alad2-page-0011I’ve been exploring the intellectual and social aspects of the book, but does it make for a good story? Yes, it makes for a great horror story, in a way. It’s like reading a myth or fable version of World War II, walking around behind the curtains of historical reality, and seeing events re-cast in broader, even more emotive terms. We also have a protagonist who we can watch becoming more and more involved in trying to influence the ideas behind the war, believing he is doing the “right” things, and yet moving further from the shore of a firm foothold on reality. We can follow the pros and cons of obsession, even if one seems on the right side of history. Oeming creates a fantastic black and white world of London streets, dark inner chambers, intense intentions and reactions in his characters, evoking a time of newsprint, grainy news reels, and even the stark newness and disjointedness of Roberts’ perspective on Crowley and his political allies.

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Particularly winning are Oeming’s layouts which are often experimental, strangely spell-like at times as you find yourself caught in loops that keep you on the page, and quite overtly heavy on desired mood. One page’s panel layouts form a swastika, in fact, but one that struck me the most shows a reverse shot of Roberts outside Crowley’s building about to enter for the first time at the top of the page and a front shot of Roberts facing the door at the bottom, with a kind of halo of light around his head. The fact that the arrangement is against convention in a way—I’m more used to see someone’s face and then a reverse shot rather than the other way around—sets a surreal tone, and then the fact that there are no visible lines dividing these “moments” into panels seem to render the page more of a spread. The truism is that a comic panel can’t present more than one action at once, though we all know spreads can. This page stands midway between the two and seems to accomplish an eerie amount by doing so.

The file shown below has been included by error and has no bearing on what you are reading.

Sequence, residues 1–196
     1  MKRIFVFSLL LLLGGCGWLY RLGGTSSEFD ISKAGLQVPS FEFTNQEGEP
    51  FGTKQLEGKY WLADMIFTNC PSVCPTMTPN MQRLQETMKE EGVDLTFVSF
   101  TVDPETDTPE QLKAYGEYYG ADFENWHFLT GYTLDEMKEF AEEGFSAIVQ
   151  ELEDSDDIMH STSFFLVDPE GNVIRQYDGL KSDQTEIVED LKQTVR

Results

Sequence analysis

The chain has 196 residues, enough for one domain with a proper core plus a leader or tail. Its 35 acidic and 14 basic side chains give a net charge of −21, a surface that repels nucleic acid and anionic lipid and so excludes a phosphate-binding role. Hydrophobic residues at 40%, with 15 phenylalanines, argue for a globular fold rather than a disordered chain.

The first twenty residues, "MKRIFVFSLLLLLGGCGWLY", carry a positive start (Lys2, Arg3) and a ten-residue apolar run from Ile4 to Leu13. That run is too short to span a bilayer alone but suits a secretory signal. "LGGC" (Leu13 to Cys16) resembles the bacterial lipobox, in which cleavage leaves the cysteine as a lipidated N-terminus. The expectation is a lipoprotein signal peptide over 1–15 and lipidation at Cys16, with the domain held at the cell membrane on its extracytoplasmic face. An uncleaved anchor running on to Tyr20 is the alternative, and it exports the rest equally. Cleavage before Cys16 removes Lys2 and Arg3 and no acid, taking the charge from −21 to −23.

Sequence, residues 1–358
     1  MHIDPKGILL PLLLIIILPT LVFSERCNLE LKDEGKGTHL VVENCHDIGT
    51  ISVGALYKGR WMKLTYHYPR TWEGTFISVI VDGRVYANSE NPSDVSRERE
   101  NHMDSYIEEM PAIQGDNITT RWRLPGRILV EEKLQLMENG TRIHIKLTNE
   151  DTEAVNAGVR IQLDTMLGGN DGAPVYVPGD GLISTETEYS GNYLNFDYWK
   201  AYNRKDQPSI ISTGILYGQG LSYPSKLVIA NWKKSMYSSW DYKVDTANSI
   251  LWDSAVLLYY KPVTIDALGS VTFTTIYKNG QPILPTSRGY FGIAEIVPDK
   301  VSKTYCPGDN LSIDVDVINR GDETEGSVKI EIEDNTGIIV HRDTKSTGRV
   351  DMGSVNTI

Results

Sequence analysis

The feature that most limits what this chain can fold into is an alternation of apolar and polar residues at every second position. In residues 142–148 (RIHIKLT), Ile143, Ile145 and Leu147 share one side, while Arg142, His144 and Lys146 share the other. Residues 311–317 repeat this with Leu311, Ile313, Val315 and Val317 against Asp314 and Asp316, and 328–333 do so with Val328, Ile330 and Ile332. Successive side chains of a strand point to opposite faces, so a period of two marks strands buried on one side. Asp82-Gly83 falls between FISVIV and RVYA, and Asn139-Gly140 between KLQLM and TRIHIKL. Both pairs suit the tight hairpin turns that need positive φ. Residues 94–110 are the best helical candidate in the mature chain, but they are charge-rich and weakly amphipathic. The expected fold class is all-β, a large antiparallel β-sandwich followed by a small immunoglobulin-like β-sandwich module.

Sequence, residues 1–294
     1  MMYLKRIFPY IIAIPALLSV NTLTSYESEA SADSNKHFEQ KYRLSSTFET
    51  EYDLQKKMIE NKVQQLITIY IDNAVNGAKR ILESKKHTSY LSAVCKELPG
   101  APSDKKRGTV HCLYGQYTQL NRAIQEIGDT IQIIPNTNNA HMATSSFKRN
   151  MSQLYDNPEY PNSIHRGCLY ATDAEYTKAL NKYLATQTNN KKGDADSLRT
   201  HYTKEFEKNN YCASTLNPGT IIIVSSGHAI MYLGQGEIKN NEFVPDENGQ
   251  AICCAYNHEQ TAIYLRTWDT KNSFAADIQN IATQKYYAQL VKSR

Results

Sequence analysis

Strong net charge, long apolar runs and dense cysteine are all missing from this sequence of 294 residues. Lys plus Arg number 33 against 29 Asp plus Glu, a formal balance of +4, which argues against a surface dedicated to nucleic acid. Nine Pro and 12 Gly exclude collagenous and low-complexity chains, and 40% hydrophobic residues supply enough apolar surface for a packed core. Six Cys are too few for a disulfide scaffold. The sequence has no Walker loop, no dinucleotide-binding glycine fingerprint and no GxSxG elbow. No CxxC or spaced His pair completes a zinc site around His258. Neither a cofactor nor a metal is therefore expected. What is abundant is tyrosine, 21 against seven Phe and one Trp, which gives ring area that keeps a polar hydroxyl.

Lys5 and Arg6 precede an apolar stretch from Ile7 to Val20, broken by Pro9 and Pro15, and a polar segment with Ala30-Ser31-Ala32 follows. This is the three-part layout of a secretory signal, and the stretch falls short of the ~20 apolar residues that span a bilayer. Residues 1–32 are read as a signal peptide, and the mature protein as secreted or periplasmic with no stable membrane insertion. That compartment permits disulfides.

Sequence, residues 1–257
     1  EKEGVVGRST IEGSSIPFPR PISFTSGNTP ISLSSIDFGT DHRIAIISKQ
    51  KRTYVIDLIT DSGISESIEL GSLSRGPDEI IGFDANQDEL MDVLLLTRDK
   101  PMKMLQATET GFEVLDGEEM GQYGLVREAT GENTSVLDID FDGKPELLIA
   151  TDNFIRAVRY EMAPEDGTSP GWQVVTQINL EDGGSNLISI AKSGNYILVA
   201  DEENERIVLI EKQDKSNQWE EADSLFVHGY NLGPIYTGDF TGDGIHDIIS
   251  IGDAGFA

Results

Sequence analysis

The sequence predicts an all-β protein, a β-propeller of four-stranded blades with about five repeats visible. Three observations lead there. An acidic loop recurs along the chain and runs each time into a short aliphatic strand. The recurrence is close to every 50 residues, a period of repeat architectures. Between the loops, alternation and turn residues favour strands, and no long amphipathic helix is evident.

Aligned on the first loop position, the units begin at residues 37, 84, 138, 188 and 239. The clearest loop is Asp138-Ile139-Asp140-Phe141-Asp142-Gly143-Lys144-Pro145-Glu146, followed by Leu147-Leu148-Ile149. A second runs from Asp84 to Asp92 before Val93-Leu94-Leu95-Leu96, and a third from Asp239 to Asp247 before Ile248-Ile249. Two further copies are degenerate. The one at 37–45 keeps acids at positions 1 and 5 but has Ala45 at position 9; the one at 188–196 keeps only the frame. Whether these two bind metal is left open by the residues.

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This 88 page story (with included sketchbook) feels like a highly compact tour of the dark undercurrents of modern human history. It poses another way to look at things that attempts quite firmly to reveal some truths about how power operates through the images we see every day. It’s not a comfortable lesson, necessarily, but it’s an empowering one for readers. And it seems like right now, at a time of renewed emphasis on slogans and symbols, this book has become more important than ever.